Where We Are After Two Years of BCR
Despite support for cycling by all the major parties and especially the Greens, Birmingham is not where it should be by now. Why?
The following is my own submission to the Birmingham City Council Transport Scrutiny Committee, meeting this Friday (23-10-2015) to discuss the Birmingham Cycling Revolution. Whilst this is a personal statement, it does reflect the views of other Push Bikes committee members.
- The Conservative Prime Minister, David Cameron, announced during the previous government that he wanted to see a cycling revolution in Britain.
- The Liberal Democratic party, who formed part of the coalition government, were considered by The Guardian to have the most pro-cycling election manifesto of the major parties.
- The ruling Labour Party in Birmingham has published policy documents that indicate that they see cycling as important in addressing the health and congestion problems faced by the city.
- The city council applied for and was given central government funding for capital projects to encourage cycling.
- The city council initiated its own cycling revolution project.
- The Under-Secretary of State for Transport, Robert Goodwill, recently called for a redoubling of the effort to make Britain a cycling country like Denmark, which he has recently visited.
- Despite the cross-party support for cycling, Birmingham's Cycle Revolution project has stalled.
- This failure to complete the planned work in the allotted time is mainly the result of resistance to change by councillors, officers, and other parties.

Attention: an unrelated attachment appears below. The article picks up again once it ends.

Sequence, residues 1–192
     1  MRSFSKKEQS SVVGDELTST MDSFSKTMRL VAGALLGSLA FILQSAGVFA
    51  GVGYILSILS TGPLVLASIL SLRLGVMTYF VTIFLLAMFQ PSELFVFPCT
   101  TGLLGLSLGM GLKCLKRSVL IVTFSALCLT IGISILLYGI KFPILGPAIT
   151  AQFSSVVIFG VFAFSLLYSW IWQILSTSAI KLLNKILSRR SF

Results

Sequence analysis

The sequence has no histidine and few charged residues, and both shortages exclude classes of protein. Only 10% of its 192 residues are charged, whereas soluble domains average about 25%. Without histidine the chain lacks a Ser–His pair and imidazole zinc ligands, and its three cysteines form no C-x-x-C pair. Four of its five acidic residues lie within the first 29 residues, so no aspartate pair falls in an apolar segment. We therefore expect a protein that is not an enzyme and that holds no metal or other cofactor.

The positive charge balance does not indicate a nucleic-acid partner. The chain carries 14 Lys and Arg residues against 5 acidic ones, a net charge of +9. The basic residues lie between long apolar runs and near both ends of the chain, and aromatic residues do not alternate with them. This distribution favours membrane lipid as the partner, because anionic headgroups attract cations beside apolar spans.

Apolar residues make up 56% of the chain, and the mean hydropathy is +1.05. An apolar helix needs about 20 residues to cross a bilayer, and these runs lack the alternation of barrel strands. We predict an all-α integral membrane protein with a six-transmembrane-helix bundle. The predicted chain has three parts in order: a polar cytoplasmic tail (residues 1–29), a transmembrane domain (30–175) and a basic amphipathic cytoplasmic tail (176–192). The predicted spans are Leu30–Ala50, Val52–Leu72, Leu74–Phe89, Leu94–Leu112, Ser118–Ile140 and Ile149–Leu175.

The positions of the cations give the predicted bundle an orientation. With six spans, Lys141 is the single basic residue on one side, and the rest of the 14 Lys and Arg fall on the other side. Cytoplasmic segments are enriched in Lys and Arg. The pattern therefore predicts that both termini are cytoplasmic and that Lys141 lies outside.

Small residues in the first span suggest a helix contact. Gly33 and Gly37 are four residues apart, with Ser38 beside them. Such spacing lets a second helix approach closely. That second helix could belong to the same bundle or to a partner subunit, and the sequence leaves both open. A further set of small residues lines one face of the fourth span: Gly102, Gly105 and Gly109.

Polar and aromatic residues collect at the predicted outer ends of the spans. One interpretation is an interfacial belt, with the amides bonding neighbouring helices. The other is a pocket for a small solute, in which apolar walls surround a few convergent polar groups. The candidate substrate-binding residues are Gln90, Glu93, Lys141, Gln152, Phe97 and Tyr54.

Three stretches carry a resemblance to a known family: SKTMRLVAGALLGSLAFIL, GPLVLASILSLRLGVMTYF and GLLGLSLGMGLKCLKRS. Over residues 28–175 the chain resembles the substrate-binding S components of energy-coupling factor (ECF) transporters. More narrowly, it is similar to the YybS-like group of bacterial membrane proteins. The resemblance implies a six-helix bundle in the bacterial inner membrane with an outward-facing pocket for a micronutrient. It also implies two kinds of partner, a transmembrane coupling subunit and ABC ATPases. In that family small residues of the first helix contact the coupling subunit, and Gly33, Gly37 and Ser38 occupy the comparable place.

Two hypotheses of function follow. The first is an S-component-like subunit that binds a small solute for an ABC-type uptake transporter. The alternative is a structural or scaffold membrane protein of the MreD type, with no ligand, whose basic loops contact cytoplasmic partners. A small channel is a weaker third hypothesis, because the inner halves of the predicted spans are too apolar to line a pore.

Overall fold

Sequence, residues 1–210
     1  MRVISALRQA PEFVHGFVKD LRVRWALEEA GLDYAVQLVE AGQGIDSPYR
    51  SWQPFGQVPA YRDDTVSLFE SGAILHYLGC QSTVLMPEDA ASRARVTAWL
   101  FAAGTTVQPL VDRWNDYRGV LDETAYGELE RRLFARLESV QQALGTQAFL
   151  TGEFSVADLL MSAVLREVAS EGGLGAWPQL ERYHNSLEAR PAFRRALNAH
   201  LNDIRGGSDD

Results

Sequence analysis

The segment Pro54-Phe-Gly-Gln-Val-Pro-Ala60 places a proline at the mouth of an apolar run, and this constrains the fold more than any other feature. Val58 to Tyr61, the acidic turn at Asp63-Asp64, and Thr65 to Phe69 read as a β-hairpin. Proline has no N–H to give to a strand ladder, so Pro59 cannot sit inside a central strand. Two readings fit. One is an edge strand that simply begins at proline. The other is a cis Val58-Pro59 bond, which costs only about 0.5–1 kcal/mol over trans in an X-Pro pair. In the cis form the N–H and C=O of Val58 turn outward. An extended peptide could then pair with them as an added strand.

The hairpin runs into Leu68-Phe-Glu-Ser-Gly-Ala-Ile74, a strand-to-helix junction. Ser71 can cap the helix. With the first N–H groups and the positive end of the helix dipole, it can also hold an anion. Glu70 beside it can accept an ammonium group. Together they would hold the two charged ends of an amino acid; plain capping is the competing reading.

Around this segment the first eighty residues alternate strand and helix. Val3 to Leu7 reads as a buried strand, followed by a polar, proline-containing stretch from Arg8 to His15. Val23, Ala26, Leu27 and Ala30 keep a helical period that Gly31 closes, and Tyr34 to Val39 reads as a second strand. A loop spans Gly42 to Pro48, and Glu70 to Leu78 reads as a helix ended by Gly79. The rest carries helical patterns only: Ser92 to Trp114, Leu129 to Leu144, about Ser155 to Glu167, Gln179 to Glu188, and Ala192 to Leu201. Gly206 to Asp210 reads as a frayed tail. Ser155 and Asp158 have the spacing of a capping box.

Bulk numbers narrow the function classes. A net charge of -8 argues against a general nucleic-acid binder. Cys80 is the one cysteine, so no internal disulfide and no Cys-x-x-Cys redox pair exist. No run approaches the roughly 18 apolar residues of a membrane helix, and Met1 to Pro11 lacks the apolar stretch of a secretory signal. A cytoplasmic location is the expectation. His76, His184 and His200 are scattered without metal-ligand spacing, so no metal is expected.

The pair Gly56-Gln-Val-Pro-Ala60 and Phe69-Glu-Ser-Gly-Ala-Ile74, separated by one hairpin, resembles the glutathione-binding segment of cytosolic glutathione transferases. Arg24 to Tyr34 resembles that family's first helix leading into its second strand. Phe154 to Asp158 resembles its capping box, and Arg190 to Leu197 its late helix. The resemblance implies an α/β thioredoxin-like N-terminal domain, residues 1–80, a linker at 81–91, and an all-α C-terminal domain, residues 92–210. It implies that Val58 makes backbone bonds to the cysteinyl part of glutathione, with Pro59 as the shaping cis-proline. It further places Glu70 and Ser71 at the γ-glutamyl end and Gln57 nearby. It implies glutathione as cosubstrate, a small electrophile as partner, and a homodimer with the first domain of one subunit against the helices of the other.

- These difficulties are not unique to Birmingham, but are surmountable.
- In Birmingham there seems to be insufficient robust, public leadership driving the project forward, so the negative attitudes that block progress are allowed to prevail. This is dispiriting for those that would like to see change but do not have the authority to effect it, and results in low ambition.
The government would like local authorities to build cycling infrastructure. It's not going about this in the best way, but it has provided some money in the form of Cycling Cities Ambition Grants (CCAG) and the Local Sustainable Transport Fund (LSTF). The relevant minister, Robert Goodwill, has recently been to Denmark and declared that he was shocked at how many people cycle in Denmark compared with the UK, announcing that we must redouble our efforts. It's not very impressive that the minister was so uninformed about what is happening just across the North Sea, but at least he's beginning to see the light. In general Birmingham City Council is not, alas.